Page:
Where does your water come from?

seven clean buttonVisit our interactive map to find out, or download our watershed brochure (PDF).

Clean water is a priceless natural resource. The quality and purity of water directly depends on the land use, soils, and level of development of the watershed through which the water passes. Watershed health is especially important for reservoirs, lakes, rivers, and groundwater aquifers that serve as sources of drinking water.

A watershed is all the land from which water flows to a given point or area. For example, the Tomhannock watershed is all the land from which water drains into Tomhannock Creek and or the Tomhannock Reservoir. The water can enter the watershed as rain or snow, or as water discharged as a result of human activity. The water travels through the watershed on the ground, in streams, through the soil, or via groundwater.

Healthy watersheds contain areas of intact native vegetation, such as forests and wetlands, that provide clean water. Forests hold water and act as erosion and sediment controls, water filters, and groundwater rechargers. Wetlands filter pollutants, help control floodwaters, and recycle nutrients.

Learn more about Rensselaer County watersheds and water districts at our interactive map.

Poesten Kill 

The Poesten Kill watershed includes the lands draining into the Poesten Kill and its tributaries, including the Quacken Kill, Bonesteel Creek, and Sweet Milk Creek. The Poesten Kill enters the Hudson River in Troy, and the watershed extends upstream to the Poesten Kill headwaters at Dyken Pond and to the Quacken Kill headwaters at Grafton Lakes State Park.

Much of the Rensselaer Plateau lies within the Poesten Kill watershed. The Rensselaer Plateau is New York State's fifth largest forest, and its higher elevation, cooler climate, and rocky, poorly drained soils give it a landscape and ecology more like the Adirondacks than like the surrounding lower lands. The extensive forests provide habitat for birds that nest only in the interior of large forest blocks, such as the black‐throated blue warbler, scarlet tanager, wood thrush, and broad‐winged hawk. The Plateau has been designated an Important Bird Area by the National Audubon Society.

The Rensselaer Plateau's forests hold soil and contribute to the clean water draining off the Plateau. The edge of the plateau is marked by steep escarpments, where flowing streams carved gorges. The Poesten Kill flows off the plateau at Barberville Falls, a spectacular 90‐foot waterfall in Poestenkill and one of Rensselaer County's signature natural landmarks.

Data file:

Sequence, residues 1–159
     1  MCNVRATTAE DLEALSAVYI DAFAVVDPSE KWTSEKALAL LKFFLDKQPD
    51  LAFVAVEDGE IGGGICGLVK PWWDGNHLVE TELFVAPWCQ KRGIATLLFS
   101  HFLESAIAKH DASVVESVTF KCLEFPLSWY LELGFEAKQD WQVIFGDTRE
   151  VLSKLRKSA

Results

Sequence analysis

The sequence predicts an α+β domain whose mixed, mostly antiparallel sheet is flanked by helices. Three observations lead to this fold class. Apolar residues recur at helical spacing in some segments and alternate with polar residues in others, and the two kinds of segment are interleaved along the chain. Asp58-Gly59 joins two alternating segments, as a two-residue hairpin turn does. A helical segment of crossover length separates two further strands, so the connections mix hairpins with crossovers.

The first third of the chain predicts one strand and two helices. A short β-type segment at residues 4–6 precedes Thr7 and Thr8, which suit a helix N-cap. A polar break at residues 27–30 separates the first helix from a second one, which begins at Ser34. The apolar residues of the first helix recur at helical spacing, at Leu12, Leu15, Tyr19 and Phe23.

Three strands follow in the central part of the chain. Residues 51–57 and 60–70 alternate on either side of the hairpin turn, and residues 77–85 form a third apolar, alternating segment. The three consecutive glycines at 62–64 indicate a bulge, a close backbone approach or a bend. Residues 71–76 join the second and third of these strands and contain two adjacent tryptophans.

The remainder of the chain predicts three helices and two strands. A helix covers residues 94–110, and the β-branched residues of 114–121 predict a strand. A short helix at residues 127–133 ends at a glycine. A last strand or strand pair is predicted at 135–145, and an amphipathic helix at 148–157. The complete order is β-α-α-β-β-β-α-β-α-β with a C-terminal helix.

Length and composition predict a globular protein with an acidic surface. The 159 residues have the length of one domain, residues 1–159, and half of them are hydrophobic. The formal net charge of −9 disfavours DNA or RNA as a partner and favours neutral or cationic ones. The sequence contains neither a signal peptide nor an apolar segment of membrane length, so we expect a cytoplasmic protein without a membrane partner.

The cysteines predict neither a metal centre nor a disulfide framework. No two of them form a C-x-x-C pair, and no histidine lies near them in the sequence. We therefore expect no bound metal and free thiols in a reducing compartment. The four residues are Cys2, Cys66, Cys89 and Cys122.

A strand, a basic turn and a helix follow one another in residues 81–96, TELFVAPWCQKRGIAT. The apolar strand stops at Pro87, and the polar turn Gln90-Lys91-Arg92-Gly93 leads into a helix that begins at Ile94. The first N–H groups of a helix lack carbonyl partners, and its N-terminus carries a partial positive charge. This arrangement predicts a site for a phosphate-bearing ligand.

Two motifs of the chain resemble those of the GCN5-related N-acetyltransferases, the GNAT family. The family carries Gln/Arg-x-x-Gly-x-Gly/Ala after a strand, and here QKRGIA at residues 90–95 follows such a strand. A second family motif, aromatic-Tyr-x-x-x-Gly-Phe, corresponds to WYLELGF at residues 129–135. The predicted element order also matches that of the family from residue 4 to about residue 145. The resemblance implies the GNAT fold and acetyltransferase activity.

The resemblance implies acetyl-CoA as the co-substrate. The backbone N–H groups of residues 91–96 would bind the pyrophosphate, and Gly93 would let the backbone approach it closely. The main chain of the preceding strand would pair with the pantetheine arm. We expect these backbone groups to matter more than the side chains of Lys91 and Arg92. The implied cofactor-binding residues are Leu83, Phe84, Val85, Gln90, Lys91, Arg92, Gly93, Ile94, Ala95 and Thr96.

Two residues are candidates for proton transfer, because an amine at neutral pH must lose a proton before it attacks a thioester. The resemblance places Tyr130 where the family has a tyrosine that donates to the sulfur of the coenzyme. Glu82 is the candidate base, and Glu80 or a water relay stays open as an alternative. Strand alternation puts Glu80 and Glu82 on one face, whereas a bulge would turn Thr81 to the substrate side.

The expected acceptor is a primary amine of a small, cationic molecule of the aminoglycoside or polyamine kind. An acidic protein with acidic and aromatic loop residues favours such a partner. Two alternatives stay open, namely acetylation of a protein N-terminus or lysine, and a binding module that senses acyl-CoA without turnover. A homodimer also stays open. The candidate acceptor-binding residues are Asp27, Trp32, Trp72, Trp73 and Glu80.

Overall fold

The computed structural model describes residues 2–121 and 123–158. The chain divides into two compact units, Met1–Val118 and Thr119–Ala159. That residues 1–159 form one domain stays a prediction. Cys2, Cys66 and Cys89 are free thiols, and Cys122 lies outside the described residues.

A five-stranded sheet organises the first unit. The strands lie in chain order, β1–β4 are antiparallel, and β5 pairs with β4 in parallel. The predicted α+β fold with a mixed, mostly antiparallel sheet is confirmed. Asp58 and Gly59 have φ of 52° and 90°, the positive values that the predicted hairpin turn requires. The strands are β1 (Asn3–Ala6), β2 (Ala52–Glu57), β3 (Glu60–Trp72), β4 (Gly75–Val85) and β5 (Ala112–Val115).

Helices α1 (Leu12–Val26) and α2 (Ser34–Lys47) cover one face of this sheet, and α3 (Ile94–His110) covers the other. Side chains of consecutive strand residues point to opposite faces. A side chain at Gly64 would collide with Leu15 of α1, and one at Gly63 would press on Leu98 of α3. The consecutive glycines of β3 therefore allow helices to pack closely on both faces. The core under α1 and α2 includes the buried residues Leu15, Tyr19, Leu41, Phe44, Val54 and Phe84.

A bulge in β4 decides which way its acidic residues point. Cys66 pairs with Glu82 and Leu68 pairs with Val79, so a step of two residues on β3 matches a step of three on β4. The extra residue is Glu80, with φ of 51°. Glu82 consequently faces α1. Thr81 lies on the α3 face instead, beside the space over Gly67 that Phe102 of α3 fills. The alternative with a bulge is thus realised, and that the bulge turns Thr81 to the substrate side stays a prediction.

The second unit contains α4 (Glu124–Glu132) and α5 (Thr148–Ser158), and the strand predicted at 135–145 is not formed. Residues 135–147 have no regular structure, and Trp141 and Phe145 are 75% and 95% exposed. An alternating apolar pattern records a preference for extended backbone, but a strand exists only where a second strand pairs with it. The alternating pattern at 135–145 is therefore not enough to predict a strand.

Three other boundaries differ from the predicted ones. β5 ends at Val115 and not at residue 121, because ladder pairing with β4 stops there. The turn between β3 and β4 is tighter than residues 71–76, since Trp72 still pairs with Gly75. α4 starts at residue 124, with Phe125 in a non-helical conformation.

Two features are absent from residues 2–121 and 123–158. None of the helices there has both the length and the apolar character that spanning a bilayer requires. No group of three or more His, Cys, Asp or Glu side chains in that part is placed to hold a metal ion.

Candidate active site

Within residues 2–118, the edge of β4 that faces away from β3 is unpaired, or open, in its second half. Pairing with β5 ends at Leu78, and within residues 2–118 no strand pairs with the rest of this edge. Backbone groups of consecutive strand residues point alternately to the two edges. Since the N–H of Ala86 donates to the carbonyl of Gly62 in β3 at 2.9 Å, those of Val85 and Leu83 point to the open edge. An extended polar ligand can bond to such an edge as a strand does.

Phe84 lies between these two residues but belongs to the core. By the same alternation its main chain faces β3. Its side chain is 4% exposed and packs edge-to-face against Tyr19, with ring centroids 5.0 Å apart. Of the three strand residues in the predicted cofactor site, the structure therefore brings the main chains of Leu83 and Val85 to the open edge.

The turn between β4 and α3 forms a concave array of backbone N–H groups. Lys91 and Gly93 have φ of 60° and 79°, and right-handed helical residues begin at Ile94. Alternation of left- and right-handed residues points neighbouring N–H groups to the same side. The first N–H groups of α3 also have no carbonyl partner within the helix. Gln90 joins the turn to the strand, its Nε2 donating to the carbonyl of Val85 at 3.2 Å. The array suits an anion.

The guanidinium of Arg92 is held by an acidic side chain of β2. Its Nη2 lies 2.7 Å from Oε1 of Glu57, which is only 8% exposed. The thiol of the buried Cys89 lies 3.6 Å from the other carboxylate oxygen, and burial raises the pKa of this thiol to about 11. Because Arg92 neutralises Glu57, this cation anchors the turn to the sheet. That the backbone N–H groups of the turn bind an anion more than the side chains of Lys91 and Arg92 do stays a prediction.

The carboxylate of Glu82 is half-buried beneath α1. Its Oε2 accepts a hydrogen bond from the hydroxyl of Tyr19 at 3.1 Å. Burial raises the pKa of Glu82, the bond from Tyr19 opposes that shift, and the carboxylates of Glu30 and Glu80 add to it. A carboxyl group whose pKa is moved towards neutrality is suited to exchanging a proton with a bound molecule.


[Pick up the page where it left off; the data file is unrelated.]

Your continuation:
The Rensselaer Plateau contains many wetlands, including peat bogs and fens which are habitat for specially adapted plants, such as the insect‐catching pitcher plant and sundew. One of the largest peatland complexes in the Poesten Kill watershed is on the Rensselaer Plateau around Cranberry Pond. The Dyken Pond Environmental Education Center and Grafton Lakes State Park, both in Grafton, offer plenty of ways to experience the natural history and beauty of the Rensselaer Plateau.

Near the Hudson River in Troy, the Poesten Kill eroded the clay and shale to carve out the Poesten Kill Gorge and form the 175‐foot Mount Ida Falls. Alewives and other fish enter the Poesten Kill from the Hudson River each spring to spawn, although their migration upstream is soon impeded by dams.

Tomhannock Creek

The Tomhannock Creek watershed is made up of the lands draining into the Tomhannock Creek and its tributaries, Otter, Sunkauissia, and Indian Creeks. Tomhannock Creek enters the Hoosic River in the Town of Schaghticoke, and the watershed extends upstream to the northwest escarpment of the Rensselaer Plateau, around Babcock Lake and just north of Grafton Lakes State Park.

This watershed contains the most important surface water source in Rensselaer County, the Tomhannock Reservoir in Pittstown. Five miles long and one‐half mile wide, the reservoir provides drinking water for more than 125,000 people in Troy, Brunswick, Schaghticoke, East Greenbush, North Greenbush, Rensselaer, Poestenkill, Halfmoon, Waterford and Menands. The quality of the water from the Tomhannock Reservoir is good to excellent. The watershed upstream of the Tomhannock dam significantly impacts the quality of the water in the reservoir. The more fertilizers and pesticides used in the watershed, the more paved surfaces, and the more septic input, then the more chemicals flow into the reservoir and the streams feeding it. 

Many migrating ducks and geese use the Tomhannock Reservoir as a stopover site, and feeding bald eagles are often seen.